Saanich has joined a movement to support the province in creating better building efficiency standards, particularly within the existing B.C. housing stock.
Housing energy efficiency needs to be addressed through action on climate change, said Saanich Coun. Dean Murdock, who brought the recommendation to council on Monday.
“The province is in the midst of updating its climate action plan [climate leadership team], doing consultation and have come up with ambitious initiatives that are available to the public for comment, hopefully by spring,” he said.
Council endorsed the recommendation to support the province’s climate leadership team in updating the climate action plan, particularly in the building sector.
Saanich has a history of asking developers to go the extra mile in terms of sustainability, he added.
The call to action for climate change in the building sector is being centralized by the Pembina Institute, based out of Vancouver.
According to Pembina, Saanich has joined a list of larger municipalities endorsing a bolder climate leadership plan in B.C., such as Victoria, Vancouver, North Vancouver and Richmond, along with dozens of organizations and associations.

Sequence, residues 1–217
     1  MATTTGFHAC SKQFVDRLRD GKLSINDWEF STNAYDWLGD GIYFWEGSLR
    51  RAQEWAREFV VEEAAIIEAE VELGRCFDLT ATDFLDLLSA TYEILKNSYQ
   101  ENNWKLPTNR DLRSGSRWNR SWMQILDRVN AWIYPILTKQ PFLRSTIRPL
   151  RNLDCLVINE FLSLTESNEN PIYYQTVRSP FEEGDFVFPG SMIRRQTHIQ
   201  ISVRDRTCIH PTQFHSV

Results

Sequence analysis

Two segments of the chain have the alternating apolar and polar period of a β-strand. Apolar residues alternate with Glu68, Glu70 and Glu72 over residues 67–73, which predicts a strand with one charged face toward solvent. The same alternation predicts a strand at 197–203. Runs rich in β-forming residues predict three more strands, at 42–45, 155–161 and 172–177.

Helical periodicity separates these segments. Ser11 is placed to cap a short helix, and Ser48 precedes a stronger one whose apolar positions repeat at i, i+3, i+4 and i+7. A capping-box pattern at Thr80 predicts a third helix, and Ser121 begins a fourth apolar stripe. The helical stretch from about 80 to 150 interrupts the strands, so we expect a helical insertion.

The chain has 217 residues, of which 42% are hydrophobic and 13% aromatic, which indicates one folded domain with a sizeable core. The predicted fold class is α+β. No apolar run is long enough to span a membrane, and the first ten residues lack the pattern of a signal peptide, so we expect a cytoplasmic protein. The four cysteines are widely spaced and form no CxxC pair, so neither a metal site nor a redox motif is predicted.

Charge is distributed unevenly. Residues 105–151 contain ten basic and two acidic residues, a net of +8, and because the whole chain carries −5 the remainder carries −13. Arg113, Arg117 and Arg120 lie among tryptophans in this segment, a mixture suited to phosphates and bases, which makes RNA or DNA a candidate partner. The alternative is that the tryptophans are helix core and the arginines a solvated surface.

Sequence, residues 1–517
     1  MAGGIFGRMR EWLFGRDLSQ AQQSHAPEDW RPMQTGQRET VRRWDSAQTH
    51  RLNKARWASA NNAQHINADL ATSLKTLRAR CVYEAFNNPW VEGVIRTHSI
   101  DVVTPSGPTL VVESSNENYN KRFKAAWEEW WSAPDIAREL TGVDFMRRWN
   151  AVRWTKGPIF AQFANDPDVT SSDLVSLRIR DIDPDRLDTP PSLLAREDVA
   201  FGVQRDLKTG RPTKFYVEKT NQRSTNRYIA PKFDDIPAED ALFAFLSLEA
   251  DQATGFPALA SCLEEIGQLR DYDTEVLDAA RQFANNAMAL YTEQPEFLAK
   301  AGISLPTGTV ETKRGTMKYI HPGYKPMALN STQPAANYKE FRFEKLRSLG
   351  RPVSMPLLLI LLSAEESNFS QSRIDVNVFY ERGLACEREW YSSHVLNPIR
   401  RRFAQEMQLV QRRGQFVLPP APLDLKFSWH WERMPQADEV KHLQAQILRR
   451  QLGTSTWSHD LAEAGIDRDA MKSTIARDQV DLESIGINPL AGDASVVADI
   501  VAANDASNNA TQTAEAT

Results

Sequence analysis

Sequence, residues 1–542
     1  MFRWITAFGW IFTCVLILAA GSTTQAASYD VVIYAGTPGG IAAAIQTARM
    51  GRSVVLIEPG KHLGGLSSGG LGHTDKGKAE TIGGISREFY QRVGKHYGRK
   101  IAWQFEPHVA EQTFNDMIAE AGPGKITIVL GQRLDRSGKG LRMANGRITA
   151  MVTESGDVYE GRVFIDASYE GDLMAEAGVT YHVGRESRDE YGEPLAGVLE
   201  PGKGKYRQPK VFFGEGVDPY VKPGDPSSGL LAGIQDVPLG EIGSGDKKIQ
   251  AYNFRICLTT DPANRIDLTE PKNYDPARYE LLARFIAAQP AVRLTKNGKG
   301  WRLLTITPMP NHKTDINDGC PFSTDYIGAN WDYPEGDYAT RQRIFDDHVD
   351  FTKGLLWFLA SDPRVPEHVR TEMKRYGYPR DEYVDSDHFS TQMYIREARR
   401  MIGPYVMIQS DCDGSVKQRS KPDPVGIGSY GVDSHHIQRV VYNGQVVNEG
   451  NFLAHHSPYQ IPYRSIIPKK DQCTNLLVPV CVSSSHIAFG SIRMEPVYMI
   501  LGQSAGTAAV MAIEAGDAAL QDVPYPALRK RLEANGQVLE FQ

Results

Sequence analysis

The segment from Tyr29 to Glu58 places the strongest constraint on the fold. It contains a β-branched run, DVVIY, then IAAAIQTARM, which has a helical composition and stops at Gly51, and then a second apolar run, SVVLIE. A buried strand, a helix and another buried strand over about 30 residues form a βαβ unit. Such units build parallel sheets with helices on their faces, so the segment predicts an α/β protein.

“It’s existing housing stock that’s probably the biggest culprit of greenhouse gas emissions, provincially and nationally we need to put together programs to upgrade existing houses, and be more assertive and aggressive in that regard,” Murdock said.
Despite the successful advent of new energy efficient LEED Gold commercial buildings or Built Green residential homes in B.C., it’s a small percentage of all the housing stock.
One of the problems is a lack of financial incentives.
Companies such as the Lee brothers’ Tri-Eagle developments build predominately in Saanich and have adhered to a commercial LEED Gold or condo Built Green standard for about a decade.
The Lees built a pair of buildings across the highway from each other in Royal Oak, the Glen Eagle in 2001 and the Raven in 2009. Both are about 27,000 square-feet, but the LEED-Gold Raven building’s energy costs are 50 per cent less, president Travis Lee said.
“We have two buildings in the same environment, same neighbourhood, but one is 50 per cent less to operate, and yet the savings are wiped out by higher taxes.”
In Lee’s view, a discounted property tax rate for green buildings would encourage builders to spend the extra money.
“The government needs to come to terms on how to create incentives,” Lee said. “If you’re reducing use for services but you’re paying more tax, it should be the other way around. Once we do, that will be the incentive for people to invest more to reduce emissions from their homes.”
Murdock also hopes provincial and federal programs can be developed that will reward energy-efficient retrofits for older residential buildings.